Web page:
ucampusmedia.com.
Lost & Found
FOUND iN DEAN DOME: purchase from Chapel
Hill Sportswear in upper level, section 216,
after State game. Returned to store. being
held. 919-929-0060 for info.
Misc. Wanted
ExCEpTiONAl Egg DONOR NEEDED:
generous compensation +all expenses
paid. graduate from university or attending.
Outstanding SAT, ACT and/or gRE scores.
f.sherman@nccrm.com. 919-233-1680 ext. 121.
SUblET AVAilAblE ClOSE TO UNC! 1bR/1bA
sublet available in 2bR/2bA apartment thru July
2013. Apartmentt has personal bedrooms and
bathrooms. located in The Villages of Chapel
Hill. 252-268-6573.
SUblET 1bR in Townhouse Apartments.
Walking distance to campus, pool. $370/mo.
Water, cable, internet included. Starting May.
pets allowed. Email alyse.armstrong12@
gmail.com.
Summer Jobs
SUMMER STAFF: The Duke Faculty Club is
seeking motivated, energetic and dependable
camp counselors, lifeguards and swim coaches
for Summer 2013. great pay and fantastic
work environment! go to facultyclub.duke.edu
for details.
SUMMER STAFF: Now interviewing for key
positions at Southern Village Club in Chapel
Hill. Camp director and assistant director, head
lifeguards, lifeguards. Download application at
www.southernvillageclub.com or email resume
to manager@southernvillageclub.com.
Y SUMMER STAFF
The Chapel Hill Y is looking for check in, water
slide and snack bar attendants for its outdoor
pool in Meadowmont. Find the application
online at www.chcymca.org. Fill it out and
send it in or email HR at nchan@chcymca.org.
LIFEgUARDS,
INSTRUCTORS
The Chapel Hill Y is looking for certifed
lifeguards and swim lesson instructors
for summer for its indoor and outdoor
pools. Find the application online at
www.chcymca.org and send it in or email
HR at nchan@chcymca.org.
Travel/Vacation
BAHAMAS SpRINg BREAk
$189 for 5 DAYS. All prices include: Round trip
luxury party cruise, accommodations on the
island at your choice of 13 resorts. Appalachia
Travel. www.bahamaSun.com, 800-867-5018.
Announcements Child Care Wanted Help Wanted Announcements
(c) 2013 TRibUNE MEDiA SERViCES, iNC.
Aries (March 21-April 19)
Today is a 7 -- Enter a two-day
negotiations phase with a balanced
approach. Having a reasonable and
efficient plan helps. get partnerships
going where they were stuck by being
unattached to the results.
Taurus (April 20-May 20)
Today is a 6 -- The pace is picking up.
Turn your attention toward completing
assignments today and tomorrow.
Focus on the details, and you’ll be able
to take on more work, if you so choose.
Gemini (May 21-June 20)
Today is a 6 -- You’re beginning a
generally lucky and cuddly phase.
Don’t wait a second longer to enjoy
the game. play full out, especially in
matters of love. Seize the day.
Cancer (June 21-July 22)
Today is a 9 -- Take the lead, especially
in your household. Some important
decisions need to be made. Take one
step at a time, and don’t sweat the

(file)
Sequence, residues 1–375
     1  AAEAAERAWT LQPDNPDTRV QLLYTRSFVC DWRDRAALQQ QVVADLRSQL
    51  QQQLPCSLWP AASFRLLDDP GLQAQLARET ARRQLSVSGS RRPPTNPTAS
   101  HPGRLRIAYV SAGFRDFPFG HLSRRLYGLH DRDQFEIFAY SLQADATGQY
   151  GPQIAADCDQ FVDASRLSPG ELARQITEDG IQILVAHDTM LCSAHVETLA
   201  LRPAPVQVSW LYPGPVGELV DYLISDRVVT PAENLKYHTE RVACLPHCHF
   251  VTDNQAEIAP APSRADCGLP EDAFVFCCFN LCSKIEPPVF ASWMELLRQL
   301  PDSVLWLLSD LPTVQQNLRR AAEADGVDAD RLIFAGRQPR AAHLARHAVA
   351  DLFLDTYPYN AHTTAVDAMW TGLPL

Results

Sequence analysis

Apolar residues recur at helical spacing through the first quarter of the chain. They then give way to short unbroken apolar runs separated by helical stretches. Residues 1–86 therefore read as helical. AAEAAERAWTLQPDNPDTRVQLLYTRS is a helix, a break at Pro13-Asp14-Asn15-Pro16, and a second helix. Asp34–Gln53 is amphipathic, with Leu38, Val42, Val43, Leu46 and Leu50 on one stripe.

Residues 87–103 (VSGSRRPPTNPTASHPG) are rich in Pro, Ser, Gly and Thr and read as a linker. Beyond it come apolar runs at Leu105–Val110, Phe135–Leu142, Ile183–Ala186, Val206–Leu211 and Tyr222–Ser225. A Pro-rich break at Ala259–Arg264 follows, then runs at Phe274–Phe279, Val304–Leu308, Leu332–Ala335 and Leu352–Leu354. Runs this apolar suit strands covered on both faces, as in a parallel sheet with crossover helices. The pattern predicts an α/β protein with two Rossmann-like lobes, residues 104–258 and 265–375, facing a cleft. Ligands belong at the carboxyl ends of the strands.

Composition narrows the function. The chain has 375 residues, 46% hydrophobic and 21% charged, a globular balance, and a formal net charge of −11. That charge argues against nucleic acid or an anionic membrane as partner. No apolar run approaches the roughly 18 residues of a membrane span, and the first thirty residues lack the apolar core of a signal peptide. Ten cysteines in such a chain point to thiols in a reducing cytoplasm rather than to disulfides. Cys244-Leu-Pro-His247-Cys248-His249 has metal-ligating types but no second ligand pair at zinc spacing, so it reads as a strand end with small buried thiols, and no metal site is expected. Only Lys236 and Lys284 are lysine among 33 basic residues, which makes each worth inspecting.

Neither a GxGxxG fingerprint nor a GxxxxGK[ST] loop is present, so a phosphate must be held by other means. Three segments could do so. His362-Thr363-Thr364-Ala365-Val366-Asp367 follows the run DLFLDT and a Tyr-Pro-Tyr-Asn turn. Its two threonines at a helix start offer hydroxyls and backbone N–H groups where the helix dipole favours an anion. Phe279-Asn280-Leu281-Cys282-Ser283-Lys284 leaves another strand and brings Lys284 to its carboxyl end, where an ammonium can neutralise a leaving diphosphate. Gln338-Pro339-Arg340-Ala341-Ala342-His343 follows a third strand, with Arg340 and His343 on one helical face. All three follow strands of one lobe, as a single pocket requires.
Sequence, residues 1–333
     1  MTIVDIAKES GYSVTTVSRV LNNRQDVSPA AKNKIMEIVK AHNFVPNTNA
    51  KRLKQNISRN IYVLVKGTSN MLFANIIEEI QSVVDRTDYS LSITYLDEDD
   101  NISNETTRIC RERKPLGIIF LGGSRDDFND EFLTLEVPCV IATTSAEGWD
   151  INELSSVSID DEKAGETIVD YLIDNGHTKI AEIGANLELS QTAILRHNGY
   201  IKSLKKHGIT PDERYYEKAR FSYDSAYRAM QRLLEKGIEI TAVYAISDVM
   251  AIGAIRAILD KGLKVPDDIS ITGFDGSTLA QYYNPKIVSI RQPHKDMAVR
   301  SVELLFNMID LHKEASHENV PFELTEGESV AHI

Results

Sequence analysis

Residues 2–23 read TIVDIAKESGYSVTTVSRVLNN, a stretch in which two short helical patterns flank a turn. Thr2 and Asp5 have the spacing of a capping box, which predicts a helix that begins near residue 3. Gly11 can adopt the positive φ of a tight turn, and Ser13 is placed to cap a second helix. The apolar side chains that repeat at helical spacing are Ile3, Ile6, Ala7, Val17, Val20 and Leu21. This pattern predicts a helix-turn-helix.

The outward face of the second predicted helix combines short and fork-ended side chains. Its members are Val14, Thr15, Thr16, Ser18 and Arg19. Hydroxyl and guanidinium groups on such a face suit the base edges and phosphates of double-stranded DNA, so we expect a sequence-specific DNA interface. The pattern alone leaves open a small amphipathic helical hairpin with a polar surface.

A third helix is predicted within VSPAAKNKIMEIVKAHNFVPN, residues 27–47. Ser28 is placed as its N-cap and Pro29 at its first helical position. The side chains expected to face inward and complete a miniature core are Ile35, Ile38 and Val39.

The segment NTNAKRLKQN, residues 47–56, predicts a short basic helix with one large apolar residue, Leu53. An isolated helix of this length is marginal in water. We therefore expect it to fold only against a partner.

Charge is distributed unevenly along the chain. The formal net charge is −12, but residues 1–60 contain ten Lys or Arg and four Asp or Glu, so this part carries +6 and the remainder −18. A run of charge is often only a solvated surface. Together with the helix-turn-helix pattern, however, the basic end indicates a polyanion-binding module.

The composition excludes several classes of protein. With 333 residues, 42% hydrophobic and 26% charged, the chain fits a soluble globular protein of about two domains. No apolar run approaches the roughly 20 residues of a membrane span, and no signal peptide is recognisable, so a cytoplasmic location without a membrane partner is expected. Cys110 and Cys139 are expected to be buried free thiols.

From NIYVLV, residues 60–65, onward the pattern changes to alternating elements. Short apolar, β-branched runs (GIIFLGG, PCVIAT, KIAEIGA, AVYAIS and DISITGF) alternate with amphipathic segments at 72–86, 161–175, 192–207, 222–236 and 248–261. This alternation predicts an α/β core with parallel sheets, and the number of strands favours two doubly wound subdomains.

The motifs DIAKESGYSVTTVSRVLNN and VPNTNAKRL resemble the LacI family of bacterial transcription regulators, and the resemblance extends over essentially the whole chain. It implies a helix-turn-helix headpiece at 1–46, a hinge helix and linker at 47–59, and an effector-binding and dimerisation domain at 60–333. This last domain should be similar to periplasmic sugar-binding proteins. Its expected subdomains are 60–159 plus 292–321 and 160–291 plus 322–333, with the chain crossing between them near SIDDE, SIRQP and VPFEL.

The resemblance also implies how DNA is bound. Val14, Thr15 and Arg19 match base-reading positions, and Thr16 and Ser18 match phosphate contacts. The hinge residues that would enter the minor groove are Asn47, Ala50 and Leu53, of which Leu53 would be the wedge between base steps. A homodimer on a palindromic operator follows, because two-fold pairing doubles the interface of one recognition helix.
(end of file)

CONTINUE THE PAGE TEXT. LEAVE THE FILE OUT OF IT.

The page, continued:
small stuff.
Leo (July 23-Aug. 22)
Today is an 8 -- Study all the angles
today and tomorrow, and you’ll
discover how valuable you are. You’re
an information sponge now. Use your
powers well. Don’t pour your profits
down a rat hole.
Virgo (Aug. 23-Sept. 22)
Today is an 8 -- it’s not a good time to
travel right now. Figure finances out.
Make sure that you’ll make enough
to pay expenses. A magnetic female
appears onstage.
Libra (Sept. 23-Oct. 22)
Today is a 9 -- You’re getting stronger
and could have an impatient tendency.
Your energy surges. Make sure you’re
protected. Reject a far-fetched scheme in
favor of a practical solution.
Scorpio (Oct. 23-Nov. 21)
Today is an 8 -- You’re lucky in love.
Rekindle a commitment and finish up
old projects. Traveling isn’t as easy
now. Your dreams can inspire a shift
for the better.
Sagittarius (Nov. 22-Dec. 21)
Today is a 7 -- better check with
the family before making a date
with friends. When you stop thinking
about yourself, you can really hear
what others are saying. love thy
neighbor.
Capricorn (Dec. 22-Jan. 19)
Today is a 9 -- What you say has
tremendous impact. You may want
to think twice before you post it to
the four winds. You’ll be tested for the
next couple of days. Sing a song of
sixpence.
Aquarius (Jan. 20-Feb. 18)
Today is a 7 -- You’d rather play than
work, but you’ll need to find the right
balance. Relax to increase productivity.
Saving is better than spending now.
Pisces (Feb. 19-March 20)
Today is a 7 -- Focus on your work, and
solve problems as they arise with grace.
Financial aspects are looking brighter
after a long winter. Celebrate with
friends later.
HOROSCOPES
To get the advantage, check the day's rating: 10 is the easiest day, 0 the most challenging.
If February 27th is Your Birthday...
Confidence is yours, and money keeps
coming in, even though it requires vigilance.
Home is where your heart is; stay rooted
until a romantic trip or study pushes you
out of the house and into the world.
group actions get the biggest results.
BR = Bedroom • BA = Bath • mo = month • hr = hour • wk = week • W/D = washer/dryer • OBO = or best offer • AC = air conditioning • w/ = with • LR = living room

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DTH offce is open Mon-Fri 8:30am-5:00pm
Sublets Summer Jobs
DEADLINE IS MARCH 22!
The DTH is seeking four students to serve on the 11-
member board that will convene to select the next
editor of the paper.
These students will join the other members in reviewing
the applications for editor, interviewing the applicants,
and choosing the next editor on April 6. Any UNC
student not working on the DTH staff may apply.
Applications are due March 22. Select Editor Selection
from the “About” menu at dailytarheel.com to access the
application form.
Applicants must be available from 6-7 p.m. Thursday,
April 4 and from 10:00 a.m. to as late as 3:00 p.m.
Saturday, April 6. (Meals are served).
The Daily Tar Heel
Choose the Next
DTH Editor


Robert H. Smith, Atty At Law